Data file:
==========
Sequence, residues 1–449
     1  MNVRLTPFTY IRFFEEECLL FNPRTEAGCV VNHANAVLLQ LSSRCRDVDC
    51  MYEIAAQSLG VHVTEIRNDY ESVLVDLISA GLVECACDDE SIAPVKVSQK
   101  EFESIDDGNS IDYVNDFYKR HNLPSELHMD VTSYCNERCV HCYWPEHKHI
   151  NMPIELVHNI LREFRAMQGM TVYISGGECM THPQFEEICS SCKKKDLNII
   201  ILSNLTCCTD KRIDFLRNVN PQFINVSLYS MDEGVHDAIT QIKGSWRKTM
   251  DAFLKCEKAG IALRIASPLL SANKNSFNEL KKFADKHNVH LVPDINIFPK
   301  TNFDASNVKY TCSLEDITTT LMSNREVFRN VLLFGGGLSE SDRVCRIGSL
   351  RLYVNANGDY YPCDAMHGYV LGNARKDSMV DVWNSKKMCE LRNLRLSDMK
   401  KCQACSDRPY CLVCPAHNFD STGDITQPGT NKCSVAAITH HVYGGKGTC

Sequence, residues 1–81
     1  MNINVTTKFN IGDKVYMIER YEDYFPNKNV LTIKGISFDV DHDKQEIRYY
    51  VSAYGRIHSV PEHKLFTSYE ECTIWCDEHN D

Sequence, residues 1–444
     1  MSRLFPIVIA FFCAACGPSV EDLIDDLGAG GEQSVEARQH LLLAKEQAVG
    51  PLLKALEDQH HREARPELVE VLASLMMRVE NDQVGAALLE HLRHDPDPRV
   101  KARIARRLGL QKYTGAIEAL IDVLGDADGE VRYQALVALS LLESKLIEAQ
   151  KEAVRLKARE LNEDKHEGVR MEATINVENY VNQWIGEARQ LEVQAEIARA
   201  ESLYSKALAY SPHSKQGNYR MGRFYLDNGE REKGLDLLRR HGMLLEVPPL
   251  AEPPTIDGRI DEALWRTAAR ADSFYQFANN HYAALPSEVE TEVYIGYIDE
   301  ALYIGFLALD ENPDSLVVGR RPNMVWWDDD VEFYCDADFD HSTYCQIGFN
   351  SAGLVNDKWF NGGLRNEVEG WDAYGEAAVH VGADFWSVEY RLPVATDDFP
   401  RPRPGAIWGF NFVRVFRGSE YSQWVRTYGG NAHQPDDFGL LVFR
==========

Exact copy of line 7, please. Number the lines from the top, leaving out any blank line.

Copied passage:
   251  DAFLKCEKAG IALRIASPLL SANKNSFNEL KKFADKHNVH LVPDINIFPK